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Rosco Red shows South Side students “not to hate” is cool


By Diana Sanchez/@_DianaMarie185

Roland Alvarado knows a lot about bullying. As a child, he was overweight and had a hard time making friends in school.

One afternoon, Roland sketched the face of an imaginary friend, Rosco, on a napkin. That imaginary friend was someone Roland could talk to and share his experiences with.

“Rosco did not have a real face or color to him,” Roland said. “I just knew he was my friend and he cared about what I had to say.”

Today, Rosco Red has evolved into an anti-bullying marketing campaign and sends a positive anti-bullying message out to middle and high schools across the South Side of San Antonio.

Brothers Roland and Israel Alvarado launched their anti-bullying marketing campaign three years ago. Rosco Red is now at the forefront of anti-bullying messages on T-shirts and ball caps, and the brothers rely on visuals, statistics and their own experience with bullying to send out positive messages to middle and high schools.

Recalling his childhood, Roland remembers his parents never discouraging him from seeing his imaginary friend Rosco. That was a blessing, he said, because his parents’ encouragement made him believe in Rosco, and the man he is today.

Roland’s brother, Israel, 11 years older, did not attend school with him. It was hard for his brother to understand what he was going through.

“We never interacted with each other, this project brought us together,” said Roland.

More than 70 percent of 6-12th grade students say they have seen bullying in their school while  28 percent of students were victims of bullying and 9 percent of students are cyberbullied according to

“Our presentation is more of a performance rather than a speech or lecture,” said Roland. “We try to give the students real-world examples.”

At other times, the campaign relies on local or national celebrities, such as Eva Longoria and A.B. Quintanilla, to reinforce the message.

Rosco Red a voice for the South Side community

Now Rosco is the voice of confidence for kids in the community.

“People don’t have the education on anti-bullying,” Roland Alvarado said. “If we can get the message across as a group that bullying is uncool, then it will be.”

“No Mas (No More) Hate” and “Red connects us all” are some of the messages used in their campaign. Roland says if you tell kids not to hate, and that “it’s cool” to be kind to one another, it can make a difference.

Rosco Red encourages students and faculty to wear their Rosco Red shirts or “positive gear” (hats, buttons, stickers) to represent not the brand, but the message.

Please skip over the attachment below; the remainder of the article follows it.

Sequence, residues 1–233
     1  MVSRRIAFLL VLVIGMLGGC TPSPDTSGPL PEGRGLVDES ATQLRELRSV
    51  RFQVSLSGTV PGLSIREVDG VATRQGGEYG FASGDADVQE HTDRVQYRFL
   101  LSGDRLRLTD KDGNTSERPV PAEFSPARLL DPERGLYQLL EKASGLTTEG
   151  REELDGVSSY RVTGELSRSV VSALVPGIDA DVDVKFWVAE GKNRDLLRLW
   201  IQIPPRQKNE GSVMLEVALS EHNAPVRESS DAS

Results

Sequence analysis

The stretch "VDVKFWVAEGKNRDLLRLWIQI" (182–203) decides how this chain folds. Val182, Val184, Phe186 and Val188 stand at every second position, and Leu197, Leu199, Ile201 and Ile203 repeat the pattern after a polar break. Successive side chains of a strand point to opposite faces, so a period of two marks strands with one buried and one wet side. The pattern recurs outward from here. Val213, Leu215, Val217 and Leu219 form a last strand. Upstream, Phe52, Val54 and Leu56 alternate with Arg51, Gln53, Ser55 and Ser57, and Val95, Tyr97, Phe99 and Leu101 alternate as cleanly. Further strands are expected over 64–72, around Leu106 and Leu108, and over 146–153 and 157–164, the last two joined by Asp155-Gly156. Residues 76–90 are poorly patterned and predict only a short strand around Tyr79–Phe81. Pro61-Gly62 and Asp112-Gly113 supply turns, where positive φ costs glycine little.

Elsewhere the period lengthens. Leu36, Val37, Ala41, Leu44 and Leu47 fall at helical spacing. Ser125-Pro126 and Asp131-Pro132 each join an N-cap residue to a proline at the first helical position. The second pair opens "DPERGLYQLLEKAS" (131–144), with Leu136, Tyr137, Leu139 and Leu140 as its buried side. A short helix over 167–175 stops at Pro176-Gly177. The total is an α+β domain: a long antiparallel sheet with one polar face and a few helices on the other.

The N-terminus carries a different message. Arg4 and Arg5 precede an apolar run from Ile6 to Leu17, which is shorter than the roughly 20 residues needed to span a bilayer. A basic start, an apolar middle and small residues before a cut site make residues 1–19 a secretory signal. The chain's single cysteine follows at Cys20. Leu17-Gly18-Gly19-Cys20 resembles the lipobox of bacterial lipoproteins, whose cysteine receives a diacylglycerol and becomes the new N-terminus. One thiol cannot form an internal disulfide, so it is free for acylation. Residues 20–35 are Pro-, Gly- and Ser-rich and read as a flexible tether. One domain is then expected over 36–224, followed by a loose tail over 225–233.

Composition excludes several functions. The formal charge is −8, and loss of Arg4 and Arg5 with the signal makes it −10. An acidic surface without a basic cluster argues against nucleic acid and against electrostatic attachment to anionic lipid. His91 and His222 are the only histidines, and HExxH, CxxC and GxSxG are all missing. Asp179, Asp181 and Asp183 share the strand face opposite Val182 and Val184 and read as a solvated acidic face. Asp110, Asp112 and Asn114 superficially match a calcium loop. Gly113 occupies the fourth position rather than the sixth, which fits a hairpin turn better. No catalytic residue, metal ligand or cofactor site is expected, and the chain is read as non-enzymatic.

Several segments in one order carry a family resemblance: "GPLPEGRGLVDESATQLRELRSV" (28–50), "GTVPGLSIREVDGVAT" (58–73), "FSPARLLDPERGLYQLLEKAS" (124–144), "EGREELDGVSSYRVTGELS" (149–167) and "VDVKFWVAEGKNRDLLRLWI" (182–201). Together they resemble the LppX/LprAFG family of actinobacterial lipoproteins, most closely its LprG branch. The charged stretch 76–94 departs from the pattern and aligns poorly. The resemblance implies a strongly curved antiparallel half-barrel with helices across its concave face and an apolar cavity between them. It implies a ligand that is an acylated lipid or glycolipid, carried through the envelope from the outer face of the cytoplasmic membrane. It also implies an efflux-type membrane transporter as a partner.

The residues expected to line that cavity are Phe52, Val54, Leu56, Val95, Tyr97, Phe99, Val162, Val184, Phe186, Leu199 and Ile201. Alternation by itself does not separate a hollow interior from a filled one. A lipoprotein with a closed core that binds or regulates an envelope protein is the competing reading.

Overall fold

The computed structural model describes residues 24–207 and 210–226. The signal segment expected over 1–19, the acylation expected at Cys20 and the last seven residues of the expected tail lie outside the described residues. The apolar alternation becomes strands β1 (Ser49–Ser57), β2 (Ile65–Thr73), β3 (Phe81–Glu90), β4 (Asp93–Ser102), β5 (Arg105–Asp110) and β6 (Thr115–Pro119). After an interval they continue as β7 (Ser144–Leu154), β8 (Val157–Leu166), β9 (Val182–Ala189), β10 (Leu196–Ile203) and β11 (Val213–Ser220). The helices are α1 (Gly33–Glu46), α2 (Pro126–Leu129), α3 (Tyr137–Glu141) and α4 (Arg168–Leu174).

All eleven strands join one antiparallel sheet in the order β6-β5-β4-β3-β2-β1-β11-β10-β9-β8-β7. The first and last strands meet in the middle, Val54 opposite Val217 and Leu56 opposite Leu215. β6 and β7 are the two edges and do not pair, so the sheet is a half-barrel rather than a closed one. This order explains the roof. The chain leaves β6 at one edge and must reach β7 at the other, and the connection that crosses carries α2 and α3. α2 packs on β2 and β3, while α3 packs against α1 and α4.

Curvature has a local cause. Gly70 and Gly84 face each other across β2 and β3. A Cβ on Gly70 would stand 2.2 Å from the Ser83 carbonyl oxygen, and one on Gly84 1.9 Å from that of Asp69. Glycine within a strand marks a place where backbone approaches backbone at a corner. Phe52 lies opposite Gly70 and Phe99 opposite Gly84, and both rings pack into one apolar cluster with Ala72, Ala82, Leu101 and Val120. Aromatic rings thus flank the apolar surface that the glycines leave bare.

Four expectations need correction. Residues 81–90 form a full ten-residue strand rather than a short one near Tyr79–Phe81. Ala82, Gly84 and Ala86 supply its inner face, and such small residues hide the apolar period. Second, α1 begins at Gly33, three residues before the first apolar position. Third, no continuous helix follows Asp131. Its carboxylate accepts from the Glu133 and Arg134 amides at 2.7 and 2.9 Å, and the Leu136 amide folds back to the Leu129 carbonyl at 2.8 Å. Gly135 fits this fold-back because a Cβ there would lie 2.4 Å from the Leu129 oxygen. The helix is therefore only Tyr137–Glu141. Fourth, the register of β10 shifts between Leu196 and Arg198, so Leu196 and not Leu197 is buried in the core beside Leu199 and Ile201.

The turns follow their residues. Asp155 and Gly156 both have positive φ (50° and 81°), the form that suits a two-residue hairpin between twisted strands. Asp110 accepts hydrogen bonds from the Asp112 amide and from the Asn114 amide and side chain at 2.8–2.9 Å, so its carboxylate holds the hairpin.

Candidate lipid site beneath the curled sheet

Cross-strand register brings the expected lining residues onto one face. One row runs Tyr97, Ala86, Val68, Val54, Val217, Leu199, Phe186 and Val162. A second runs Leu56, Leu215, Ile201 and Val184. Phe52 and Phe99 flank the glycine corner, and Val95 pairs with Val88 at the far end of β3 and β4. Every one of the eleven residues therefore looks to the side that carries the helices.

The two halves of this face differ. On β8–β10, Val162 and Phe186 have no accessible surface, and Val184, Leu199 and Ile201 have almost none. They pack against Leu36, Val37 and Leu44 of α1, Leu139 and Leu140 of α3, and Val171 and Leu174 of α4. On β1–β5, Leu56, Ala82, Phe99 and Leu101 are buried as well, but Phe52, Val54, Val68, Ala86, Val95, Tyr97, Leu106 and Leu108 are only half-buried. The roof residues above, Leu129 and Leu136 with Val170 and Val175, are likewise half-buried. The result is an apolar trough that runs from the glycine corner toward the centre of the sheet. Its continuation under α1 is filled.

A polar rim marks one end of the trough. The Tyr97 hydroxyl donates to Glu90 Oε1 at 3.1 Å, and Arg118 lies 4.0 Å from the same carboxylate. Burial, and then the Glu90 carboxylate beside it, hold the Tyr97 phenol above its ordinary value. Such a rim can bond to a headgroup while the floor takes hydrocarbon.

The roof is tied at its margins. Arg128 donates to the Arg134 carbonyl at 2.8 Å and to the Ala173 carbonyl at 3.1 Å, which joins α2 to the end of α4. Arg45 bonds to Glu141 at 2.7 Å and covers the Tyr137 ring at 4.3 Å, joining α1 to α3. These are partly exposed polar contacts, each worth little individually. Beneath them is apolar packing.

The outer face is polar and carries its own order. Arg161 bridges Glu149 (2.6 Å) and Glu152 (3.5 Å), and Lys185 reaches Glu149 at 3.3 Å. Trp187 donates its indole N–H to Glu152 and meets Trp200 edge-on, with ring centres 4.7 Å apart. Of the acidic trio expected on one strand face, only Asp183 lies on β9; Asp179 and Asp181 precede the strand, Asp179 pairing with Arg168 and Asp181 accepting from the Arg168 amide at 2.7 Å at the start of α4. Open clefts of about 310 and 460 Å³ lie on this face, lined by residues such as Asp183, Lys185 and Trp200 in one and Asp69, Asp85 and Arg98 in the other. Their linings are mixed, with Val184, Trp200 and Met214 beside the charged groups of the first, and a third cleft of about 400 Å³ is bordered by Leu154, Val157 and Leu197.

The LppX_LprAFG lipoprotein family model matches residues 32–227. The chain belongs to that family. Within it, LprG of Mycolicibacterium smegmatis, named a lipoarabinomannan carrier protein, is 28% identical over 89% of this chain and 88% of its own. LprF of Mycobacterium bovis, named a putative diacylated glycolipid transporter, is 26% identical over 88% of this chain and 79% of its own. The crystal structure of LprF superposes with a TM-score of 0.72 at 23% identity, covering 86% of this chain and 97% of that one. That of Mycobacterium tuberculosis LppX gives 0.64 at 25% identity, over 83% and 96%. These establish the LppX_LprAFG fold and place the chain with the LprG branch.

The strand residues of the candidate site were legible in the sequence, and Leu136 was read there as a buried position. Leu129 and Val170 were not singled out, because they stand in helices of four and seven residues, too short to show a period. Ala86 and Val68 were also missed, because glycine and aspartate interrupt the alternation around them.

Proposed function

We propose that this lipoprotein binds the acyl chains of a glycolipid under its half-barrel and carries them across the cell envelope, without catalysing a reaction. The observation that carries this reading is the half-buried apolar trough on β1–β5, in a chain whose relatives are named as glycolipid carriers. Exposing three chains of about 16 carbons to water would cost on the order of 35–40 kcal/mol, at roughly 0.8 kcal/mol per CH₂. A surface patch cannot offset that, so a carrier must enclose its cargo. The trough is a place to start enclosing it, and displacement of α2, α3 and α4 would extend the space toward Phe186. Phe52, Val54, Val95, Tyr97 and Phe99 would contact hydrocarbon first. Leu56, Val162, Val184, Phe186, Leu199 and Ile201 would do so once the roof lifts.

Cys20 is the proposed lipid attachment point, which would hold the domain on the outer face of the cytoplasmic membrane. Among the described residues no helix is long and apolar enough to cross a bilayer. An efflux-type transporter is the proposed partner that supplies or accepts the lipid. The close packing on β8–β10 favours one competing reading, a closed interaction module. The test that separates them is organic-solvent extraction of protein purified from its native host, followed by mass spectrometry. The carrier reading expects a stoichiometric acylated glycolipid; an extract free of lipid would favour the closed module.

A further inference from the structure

Both brothers collaborated with Family Service Association (FSA) campus coordinator Daniel Carrillo. Carrillo is assigned to South San High School and Dwight Middle School and introduced Rosco Red to the students and faculty.

“There has been a high absentee rate at the high school that may be caused by bullying, family issues, or other social anxiety’s causing students to lose interest in school,” Carrillo said.

FSA  is a human service agency in San Antonio that helps children, seniors and families who are in need of care. It has five locations in the city and serves over 55 campuses, including South San High School.

Though, he was not raised on the South Side, Roland says he can connect with the students by “bleeding red.” Roland also believes we all share the common blood color that unites us all.

“I was really touched by the presentation, and the statistics on bullying are surprising,” said Judy Perez, at-risk facilitator and lead counselor at South San High School.

Perez works closely with Carrillo and the at-risk students at South San High School. She says bullying is a relevant topic and needs to be addressed.

Rosco Red is eager to drop the rates on the South Side, and has a follow-up assembly with the school in the next coming months. Rosco Red is also expanding their anti-bullying efforts to other parts of this city and transitioning into a non-profit organization.

A&M-San Antonio advocates for anti-bullying

Meanwhile, colleges and universities continue to address the issue of bullying. At A&M-San Antonio’s counseling center students in need of personal assistance on bullying or other issues may contact the Jag Care Network.

“We know it’s [bullying] out there and know that it can be an issue,” said Jolene J. Des Roches, student engagement and success director of counseling and wellness services. “We are very proactive, if we hear something we will try to make the campus safe as soon as possible.”

About the Author

Diana Sanchez
Diana Sanchez
Diana Sanchez is a communications-business major. She attended San Antonio College where she received her associates degree in liberal arts. At SAC, Diana worked as a staff writer for the student newspaper The Ranger. In 2013, Diana began blogging and creating her own public websites for herself and some friends. Diana has a passion for social media, music and marketing.

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